Matthew Camidge

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Born: May 25, 1764 Died: October 23, 1844
Matthew Camidge was a well-known local musician in Northern England, famous for his organ playing and conducting oratorios. His compositions are solid in craftsmanship though quite conservative.

His parents were John and Elizabeth Camidge. John had been organist at York Minster since 1756, and gave Matthew, the sixth son, his early musical training. His father then sent him to London to be a chorister in the Chapel Royal, whose music master, Nares, had been his own teacher.

Matthew returned to York and served as his father's assistant. When his father retired in 1799, Matthew took over his position at York Minster. Matthew married Mary Shaw of York in 1789. They had three sons. One, John, succeeded Matthew on his own retirement, and then passed on the post to his own son. Matthew's other sons took orders, and one of them became canon of York Minster.

Matthew Camidge was a musical leader in the region. He was known for his brilliant organ improvisations. He organized huge music festivals given at York in 1823, 1825, and later. As a violinist, he led the orchestra of the York Musical Society. He contributed 30 excellent hymn tunes for William Richardson's Collection of Psalms, which in later editions became widely known as The York Psalm and Hymn Book. It is likely that Camidge introduced the practice of psalm chanting to St. Michael-le-Belfrey, his other church job, which he obtained in 1801.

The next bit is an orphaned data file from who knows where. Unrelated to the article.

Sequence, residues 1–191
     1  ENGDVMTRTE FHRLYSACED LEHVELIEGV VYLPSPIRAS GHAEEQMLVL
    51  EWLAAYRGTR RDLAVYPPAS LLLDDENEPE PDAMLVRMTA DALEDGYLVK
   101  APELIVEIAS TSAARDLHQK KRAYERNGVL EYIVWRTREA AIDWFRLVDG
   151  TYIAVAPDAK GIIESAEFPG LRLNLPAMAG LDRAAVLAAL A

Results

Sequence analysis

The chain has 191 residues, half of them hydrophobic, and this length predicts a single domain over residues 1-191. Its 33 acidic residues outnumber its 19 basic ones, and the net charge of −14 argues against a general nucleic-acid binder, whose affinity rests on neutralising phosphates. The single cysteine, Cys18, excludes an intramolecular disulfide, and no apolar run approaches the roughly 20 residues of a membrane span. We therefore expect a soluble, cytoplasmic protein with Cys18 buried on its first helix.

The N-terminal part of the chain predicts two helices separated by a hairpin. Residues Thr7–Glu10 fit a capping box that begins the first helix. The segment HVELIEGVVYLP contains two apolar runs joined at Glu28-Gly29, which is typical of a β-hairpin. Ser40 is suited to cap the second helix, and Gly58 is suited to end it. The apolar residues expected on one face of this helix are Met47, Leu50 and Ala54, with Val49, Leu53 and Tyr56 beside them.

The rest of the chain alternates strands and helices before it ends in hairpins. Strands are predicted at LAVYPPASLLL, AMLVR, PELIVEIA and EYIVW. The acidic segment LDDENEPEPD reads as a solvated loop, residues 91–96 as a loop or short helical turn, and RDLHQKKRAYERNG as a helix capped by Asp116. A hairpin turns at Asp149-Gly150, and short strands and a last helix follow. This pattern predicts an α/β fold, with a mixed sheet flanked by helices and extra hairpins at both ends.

His sonatas, for piano with accompanying violin and cello, are very pleasant works, and representative of the better English music of the time, though not original. He frankly acknowledged, in the preface to his set of organ concertos published in 1817, that he was writing them in the "so long admired" style of Handel and Corelli.

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